by Keyword: motor cortex
Mesquida-Veny, Francina, Martínez-Torres, Sara, Del Río, José Antonio, Hervera, Arnau, (2022). Genetic control of neuronal activity enhances axonal growth only on permissive substrates Molecular Medicine 28, 97
Abstract Background Neural tissue has limited regenerative ability. To cope with that, in recent years a diverse set of novel tools has been used to tailor neurostimulation therapies and promote functional regeneration after axonal injuries. Method In this report, we explore cell-specific methods to modulate neuronal activity, including opto- and chemogenetics to assess the effect of specific neuronal stimulation in the promotion of axonal regeneration after injury. Results Opto- and chemogenetic stimulations of neuronal activity elicited increased in vitro neurite outgrowth in both sensory and cortical neurons, as well as in vivo regeneration in the sciatic nerve, but not after spinal cord injury. Mechanistically, inhibitory substrates such as chondroitin sulfate proteoglycans block the activity induced increase in axonal growth. Conclusions We found that genetic modulations of neuronal activity on both dorsal root ganglia and corticospinal motor neurons increase their axonal growth capacity but only on permissive environments.
JTD Keywords: activation, chemogenetics, electrical-stimulation, expression, functional recovery, increases, injury, motor cortex, neuronal activity, permissive substrate, promotes recovery, regeneration, Optogenetics, Spinal-cord
Pavlova EL, Semenov RV, Pavlova-Deb MP, Guekht AB, (2022). Transcranial direct current stimulation of the premotor cortex aimed to improve hand motor function in chronic stroke patients Brain Research 1780, 147790
Objective: To investigate the effects of single-session premotor and primary motor tDCS in chronic stroke patients with relation to possible inter-hemispheric interactions. Methods: Anodal tDCS of either M1 or premotor cortex of the side contralateral to the paretic hand, cathodal tDCS of the premotor cortex of the side ipsilateral to the paretic hand and sham stimulation were performed in 12 chronic stroke patients with mild hand paresis in a balanced cross-over design. The Jebsen-Taylor Hand Function test, evaluating the time required for performance of everyday motor tasks, was employed. Results: The repeated-measure ANOVA with Greenhouse-Geisser correction showed significant influence of the stimulation type (factor SESSION; F(2.6, 28.4) = 47.3, p < 0.001), the test performance time relative to stimulation (during or after tDCS; factor TIME, F(1.0, 11.0) = 234.5, p < 0.001) with higher effect after the stimulation and the interaction SESSION*TIME (F(1.7, 1.2) = 30.5, p < 0.001). All active conditions were effective for the modulation of JTT performance, though the highest effect was observed after anodal tDCS of M1, followed by effects after anodal stimulation of the premotor cortex contralateral to the paretic hand. Based on the correlation patterns, the inhibitory input to M1 from premotor cortex of another hemisphere and an excitatory input from the ipsilesional premotor cortex were suggested. Conclusion: The premotor cortex is a promising candidate area for transcranial non-invasive stimulation of chronic stroke patients. © 2022 The Author(s)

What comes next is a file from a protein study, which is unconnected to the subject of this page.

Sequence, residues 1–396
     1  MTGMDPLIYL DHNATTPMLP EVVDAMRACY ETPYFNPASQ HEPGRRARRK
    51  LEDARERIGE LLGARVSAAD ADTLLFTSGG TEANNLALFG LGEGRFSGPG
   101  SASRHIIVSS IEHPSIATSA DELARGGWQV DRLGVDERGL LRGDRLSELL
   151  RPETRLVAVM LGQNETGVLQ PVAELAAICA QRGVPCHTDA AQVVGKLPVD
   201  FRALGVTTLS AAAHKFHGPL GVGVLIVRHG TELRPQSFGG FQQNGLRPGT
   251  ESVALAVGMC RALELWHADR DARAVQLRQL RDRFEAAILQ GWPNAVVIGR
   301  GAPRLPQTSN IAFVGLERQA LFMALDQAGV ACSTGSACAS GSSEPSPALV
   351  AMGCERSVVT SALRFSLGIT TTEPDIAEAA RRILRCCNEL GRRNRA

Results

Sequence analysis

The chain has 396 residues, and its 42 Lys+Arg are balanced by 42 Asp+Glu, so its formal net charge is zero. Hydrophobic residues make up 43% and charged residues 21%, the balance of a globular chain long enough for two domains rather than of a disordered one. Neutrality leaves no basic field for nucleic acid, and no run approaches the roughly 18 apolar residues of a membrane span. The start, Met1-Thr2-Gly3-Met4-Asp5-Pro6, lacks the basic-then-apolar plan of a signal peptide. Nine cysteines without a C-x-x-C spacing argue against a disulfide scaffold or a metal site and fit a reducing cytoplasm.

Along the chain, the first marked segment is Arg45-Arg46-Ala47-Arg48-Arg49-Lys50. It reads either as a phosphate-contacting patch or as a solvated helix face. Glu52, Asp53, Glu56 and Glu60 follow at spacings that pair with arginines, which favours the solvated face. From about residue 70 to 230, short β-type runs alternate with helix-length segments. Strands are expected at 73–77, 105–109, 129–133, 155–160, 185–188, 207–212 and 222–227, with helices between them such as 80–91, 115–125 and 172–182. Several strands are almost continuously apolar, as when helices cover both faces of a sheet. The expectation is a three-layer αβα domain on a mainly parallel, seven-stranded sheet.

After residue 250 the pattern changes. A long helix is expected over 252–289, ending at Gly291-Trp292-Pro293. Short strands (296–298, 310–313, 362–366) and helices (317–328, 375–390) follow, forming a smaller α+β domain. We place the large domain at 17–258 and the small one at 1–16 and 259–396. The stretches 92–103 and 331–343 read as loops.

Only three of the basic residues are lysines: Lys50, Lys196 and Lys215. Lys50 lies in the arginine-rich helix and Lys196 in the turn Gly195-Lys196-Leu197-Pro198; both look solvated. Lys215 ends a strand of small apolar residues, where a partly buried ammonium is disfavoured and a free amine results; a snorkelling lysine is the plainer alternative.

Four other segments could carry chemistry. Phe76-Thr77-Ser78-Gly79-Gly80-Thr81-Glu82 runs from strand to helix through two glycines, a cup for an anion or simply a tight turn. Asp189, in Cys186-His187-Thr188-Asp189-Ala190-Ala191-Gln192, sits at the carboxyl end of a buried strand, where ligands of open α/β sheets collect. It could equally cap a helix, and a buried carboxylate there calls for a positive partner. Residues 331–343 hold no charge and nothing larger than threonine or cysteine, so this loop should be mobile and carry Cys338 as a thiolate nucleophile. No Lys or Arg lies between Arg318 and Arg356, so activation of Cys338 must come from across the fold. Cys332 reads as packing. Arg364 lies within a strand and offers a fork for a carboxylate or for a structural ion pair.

JTD Keywords: areas, contralateral primary motor, dorsal premotor, excitability, jtt, lateral premotor, object manipulation, premotor cortex, recovery, stroke, tdcs, time-course, transcranial direct current stimulation, Jtt, Noninvasive brain-stimulation, Premotor cortex, Stroke, Tdcs, Transcranial direct current stimulation